As discussed previously, absorbent article 10 further comprises an absorbent structure 20 that absorbs and redistributes exudates for storage while maintaining comfort and non-irritation for the wearer's skin, and further prevents soiling of the wearer's undergarment, outer clothing, or skin. To function as an effective catamenial pad, the absorbent structure 20 should generally have a thin and narrow configuration, especially in the crotch area, so as to be comfortable, as discussed above, and should have an absorbent capacity depending on the intended use of the absorbent article while still remaining comfortable. The structure 20 should be sized to register with the topsheet 12 and backsheet 14, and may be configured of any suitable shape, and preferably can be a rectangular shape, an elongated pear-shaped, a sinusoidal shape, a dog-bone shape, or an hourglass shape, as shown in FIG. 1.
So long as the acquisition component 22 and storage component 24 are in fluid communication with each other, they may be interposed relative to one another in a wide variety of configurations. In any structure, it is desirable to employ minimal amounts of the components of the absorbent structure 20 (e.g., the materials of the acquisition component 22 and the storage component 24) while providing adequate absorption, distribution, and storage of exudates with minimal leakage of the exudates. The selection of materials and interaction of the particular configuration of the acquisition and storage components 22 and 24, respectively, utilized in absorbent structure 20 result in an especially efficient handling of exudates and, in turn, permits utilization of minimal amounts of materials in each of their respective components (e.g., 22 and 24).
The acquisition component 22 is preferably positioned in close proximity to topsheet 12 and interposed between topsheet 12 and storage component 24. Since the discharge of the body exudates (i.e., vaginal discharge) occur in a particular area, the acquisition component 22 should preferably encompass the urovaginal region for catamenial pads, so as to be effectively located to acquire and transport body exudates to other regions of the absorbent structure 20.
In accordance with the teachings of the present invention, the acquisition component 22 has larger pore sizes relative to the pore sizes of the storage component 24 such that the acquisition component 22 can acquire body exudates and can also filter and retain (e.g., store) the solid portion of the exudates while transporting (e.g., wicking or partitioning) the remaining fluid portion of body exudates to the storage component 24 for redistribution and storage. For components 22 and 24 to function as such, the acquisition component 22 should have a higher percentage of pore sizes larger than the range of pore sizes the storage component 24.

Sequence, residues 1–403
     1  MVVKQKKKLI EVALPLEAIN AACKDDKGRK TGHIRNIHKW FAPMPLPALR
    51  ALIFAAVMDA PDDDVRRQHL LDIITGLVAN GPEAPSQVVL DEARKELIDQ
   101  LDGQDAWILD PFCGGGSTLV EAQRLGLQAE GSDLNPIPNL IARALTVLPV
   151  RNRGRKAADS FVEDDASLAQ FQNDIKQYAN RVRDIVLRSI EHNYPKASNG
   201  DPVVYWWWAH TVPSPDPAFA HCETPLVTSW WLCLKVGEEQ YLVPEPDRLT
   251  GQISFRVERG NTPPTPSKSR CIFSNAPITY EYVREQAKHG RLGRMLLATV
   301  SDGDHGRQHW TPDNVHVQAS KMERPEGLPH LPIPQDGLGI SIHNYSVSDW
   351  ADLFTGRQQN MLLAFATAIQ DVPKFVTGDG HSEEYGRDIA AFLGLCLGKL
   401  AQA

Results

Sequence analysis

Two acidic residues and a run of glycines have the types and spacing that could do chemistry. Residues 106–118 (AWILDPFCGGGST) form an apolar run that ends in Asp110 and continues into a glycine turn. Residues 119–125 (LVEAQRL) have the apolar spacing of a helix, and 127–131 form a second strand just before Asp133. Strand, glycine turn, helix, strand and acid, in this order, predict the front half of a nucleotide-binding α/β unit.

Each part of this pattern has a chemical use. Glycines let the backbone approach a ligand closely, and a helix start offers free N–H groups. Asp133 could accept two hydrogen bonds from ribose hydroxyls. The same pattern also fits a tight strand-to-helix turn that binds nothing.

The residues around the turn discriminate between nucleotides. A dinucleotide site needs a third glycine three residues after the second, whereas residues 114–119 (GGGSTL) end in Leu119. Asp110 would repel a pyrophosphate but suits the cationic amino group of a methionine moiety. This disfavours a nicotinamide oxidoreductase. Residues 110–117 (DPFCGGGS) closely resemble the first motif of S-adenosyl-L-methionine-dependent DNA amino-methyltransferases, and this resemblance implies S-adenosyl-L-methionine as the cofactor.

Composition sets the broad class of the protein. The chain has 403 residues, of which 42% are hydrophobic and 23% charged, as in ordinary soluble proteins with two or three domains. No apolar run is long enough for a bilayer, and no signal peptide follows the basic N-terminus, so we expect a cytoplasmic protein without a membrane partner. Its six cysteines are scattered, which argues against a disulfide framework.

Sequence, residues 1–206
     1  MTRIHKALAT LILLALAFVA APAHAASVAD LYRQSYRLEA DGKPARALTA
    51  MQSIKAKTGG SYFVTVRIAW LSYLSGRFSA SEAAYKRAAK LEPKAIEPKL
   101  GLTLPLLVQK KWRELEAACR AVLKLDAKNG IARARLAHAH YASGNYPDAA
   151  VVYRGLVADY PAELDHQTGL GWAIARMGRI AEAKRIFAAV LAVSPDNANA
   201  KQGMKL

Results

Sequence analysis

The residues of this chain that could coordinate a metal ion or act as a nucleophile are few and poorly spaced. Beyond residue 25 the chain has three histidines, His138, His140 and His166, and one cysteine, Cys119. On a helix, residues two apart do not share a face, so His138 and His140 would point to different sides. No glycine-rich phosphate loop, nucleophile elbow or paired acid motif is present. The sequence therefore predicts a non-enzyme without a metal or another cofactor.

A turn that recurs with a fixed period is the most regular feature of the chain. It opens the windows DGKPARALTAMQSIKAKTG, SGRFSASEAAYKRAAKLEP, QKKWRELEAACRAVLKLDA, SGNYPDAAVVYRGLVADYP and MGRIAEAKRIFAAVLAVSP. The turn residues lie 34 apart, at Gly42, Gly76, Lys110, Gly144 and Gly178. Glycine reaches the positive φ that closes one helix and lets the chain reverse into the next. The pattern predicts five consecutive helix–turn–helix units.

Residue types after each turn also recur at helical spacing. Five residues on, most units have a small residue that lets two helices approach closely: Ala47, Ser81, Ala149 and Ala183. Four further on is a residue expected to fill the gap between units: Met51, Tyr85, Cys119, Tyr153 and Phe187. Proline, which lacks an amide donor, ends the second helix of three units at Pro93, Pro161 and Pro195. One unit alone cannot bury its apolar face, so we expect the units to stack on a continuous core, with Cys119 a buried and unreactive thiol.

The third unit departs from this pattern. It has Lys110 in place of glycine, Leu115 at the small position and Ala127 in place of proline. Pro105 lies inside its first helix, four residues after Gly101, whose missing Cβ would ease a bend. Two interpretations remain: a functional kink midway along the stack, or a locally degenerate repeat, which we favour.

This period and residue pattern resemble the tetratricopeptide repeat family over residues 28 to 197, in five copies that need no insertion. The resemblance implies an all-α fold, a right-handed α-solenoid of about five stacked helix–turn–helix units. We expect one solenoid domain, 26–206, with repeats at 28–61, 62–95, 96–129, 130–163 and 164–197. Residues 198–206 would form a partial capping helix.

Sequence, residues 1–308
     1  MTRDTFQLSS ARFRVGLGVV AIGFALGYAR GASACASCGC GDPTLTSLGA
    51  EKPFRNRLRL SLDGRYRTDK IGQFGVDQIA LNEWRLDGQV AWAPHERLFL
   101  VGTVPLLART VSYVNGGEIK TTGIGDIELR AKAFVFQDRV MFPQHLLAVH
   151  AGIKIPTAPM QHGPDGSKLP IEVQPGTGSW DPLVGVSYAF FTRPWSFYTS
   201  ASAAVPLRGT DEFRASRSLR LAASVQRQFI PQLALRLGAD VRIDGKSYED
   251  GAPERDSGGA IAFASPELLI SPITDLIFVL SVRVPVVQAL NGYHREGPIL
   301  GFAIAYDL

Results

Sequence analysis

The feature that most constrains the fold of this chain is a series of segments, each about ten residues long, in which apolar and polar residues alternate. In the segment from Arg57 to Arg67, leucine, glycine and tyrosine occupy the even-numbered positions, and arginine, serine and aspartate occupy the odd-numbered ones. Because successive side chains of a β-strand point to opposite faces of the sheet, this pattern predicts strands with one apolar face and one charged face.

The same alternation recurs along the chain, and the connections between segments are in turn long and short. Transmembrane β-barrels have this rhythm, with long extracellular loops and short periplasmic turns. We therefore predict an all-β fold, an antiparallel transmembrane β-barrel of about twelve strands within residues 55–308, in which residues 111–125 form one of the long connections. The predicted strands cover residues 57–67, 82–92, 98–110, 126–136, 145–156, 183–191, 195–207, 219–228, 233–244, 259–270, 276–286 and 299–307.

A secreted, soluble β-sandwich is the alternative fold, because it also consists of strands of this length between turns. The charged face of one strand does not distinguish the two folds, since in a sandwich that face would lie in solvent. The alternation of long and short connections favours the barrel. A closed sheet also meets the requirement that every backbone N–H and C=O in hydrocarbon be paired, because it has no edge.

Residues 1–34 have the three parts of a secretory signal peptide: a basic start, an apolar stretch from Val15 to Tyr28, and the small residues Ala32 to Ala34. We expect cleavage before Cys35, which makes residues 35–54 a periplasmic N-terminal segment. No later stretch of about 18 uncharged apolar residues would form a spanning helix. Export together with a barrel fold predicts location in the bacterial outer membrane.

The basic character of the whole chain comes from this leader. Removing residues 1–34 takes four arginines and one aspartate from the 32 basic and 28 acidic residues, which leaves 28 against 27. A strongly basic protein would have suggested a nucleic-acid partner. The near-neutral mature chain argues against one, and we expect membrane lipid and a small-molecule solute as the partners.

The acquisition component 22 will preferably comprise a material that fractionates or filters the solid portion from the fluid portion of the body exudates. More specifically, particles in menstrual discharges and other vaginal discharges having an effective radii of greater than about 5 μm are removed by fractionation or filtering and stored in the acquisition component 22. Optimally, this allows the fluid portion of the body exudates to be stored in the storage component 24. The materials for use as acquisition component 22 should fractionate or filter the menstrual discharge as it moves or redistributes therethrough, and retains or stores the fractionated component therein. Large debris in the menstrual discharge, can become trapped or lodged in the larger capillaries (e.g., 45 to 150 μm radii) of the acquisition component 22. As the resistance to the flow of exudates increases, the smaller capillaries (e.g., 5 to 45 μm radii) are required to "pull" the body exudates toward the storage component 24, and these smaller capillaries trap and retain the smaller particles and debris in the exudates, and thereby "fractionate" which results in that portion being stored therein. As the body exudates move through the smaller pores, near complete separation of fluid and solid portions occurs, and "visual" fractionation results whereby the exudates change color appearances.
As exudates move through the acquisition component 22, a certain amount of the exudate should move in a horizontal direction outwardly from the initial area of contact with the acquisition component 22, which is typically in the crotch region of the article 10. The wicking of the exudates further enhances fractionation of exudates, as discussed above, which in turn further enhances the fluid portion of exudates partitioning to the material of the storage component 24.
If solid portions of exudates, such as debris and particles, are transported to the storage component 24, reduction of the storage capacity of the storage component 24 can result, which, in turn, can lead to premature failure (e.g., soiling of the body or garments of the wearer) of the article (e.g., 10). Specifically, the particles and debris of exudates can block, clog, cover, coat, or plate the small surface pores of the storage component 24. The present invention provides an absorbent structure 20 which has an extended usage time by providing a more complete utilization of the absorbent structure 20 due to fractionation and storage of the solid portion of exudates in the acquisition component, which enhances exudate distribution in the fine capillary structure of the storage component 24.
Suitable examples of materials that will acquire and trap (e.g., store) non-fluid portions of the body exudates include refined, wet laid, chemically cross-link and stiffened, twisted fibers. As discussed more fully in U.S. Pat. No. 4,898,642 to Moore, et al., the disclosure of which is hereby incorporated herein by reference, cuffed fibers can have an average dry fiber twist count of at least about 4.5 twist nodes per milliliters, an average wet fiber twist count of at least about 3.0 twist nodes per milliliters, and at least about 0.5 twist nodes per milliliters less than the fiber twist count. Furthermore, the average isopropyl alcohol retention value is less than about 30%, and, the average water retention value is between about 28% and about 50%. Preferred fibers have an average dry fiber curl factor of at least about 0.30, and more preferably at least about 0.50. It is to be understood that the refining process does not substantially affect these parameters because the process is carried out in a manner where there is little or no defibrillation of the original curled and twisted fibers. Rather, the original fibers are, in general, reduced in length, and on the average, have original lengths ranging approximately from about 1.6 mm to about 7 mm.